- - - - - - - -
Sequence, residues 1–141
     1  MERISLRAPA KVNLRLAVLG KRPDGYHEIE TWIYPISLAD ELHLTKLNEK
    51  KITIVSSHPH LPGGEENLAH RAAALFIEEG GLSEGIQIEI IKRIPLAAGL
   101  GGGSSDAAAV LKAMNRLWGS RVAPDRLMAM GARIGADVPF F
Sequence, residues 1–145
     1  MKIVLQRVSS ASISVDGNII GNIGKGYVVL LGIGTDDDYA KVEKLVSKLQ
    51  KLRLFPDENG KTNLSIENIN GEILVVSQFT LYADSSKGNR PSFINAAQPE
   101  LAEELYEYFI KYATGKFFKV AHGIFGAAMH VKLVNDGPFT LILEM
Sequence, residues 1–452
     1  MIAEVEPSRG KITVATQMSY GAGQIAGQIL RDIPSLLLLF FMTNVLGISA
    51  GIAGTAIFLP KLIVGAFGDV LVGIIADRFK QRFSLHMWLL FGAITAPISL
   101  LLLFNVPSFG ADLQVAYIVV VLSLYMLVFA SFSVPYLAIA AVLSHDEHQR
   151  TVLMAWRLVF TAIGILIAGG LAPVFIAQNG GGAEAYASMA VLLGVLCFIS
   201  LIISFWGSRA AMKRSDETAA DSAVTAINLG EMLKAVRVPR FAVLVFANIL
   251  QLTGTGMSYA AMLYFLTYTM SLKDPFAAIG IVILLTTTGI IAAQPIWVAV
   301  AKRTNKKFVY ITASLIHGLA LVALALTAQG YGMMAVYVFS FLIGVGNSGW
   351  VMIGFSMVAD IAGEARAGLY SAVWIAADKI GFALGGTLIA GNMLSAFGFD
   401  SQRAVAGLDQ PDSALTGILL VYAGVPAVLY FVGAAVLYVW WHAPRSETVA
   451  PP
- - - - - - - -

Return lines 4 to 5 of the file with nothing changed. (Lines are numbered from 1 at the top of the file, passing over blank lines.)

   101  GGGSSDAAAV LKAMNRLWGS RVAPDRLMAM GARIGADVPF F
Sequence, residues 1–145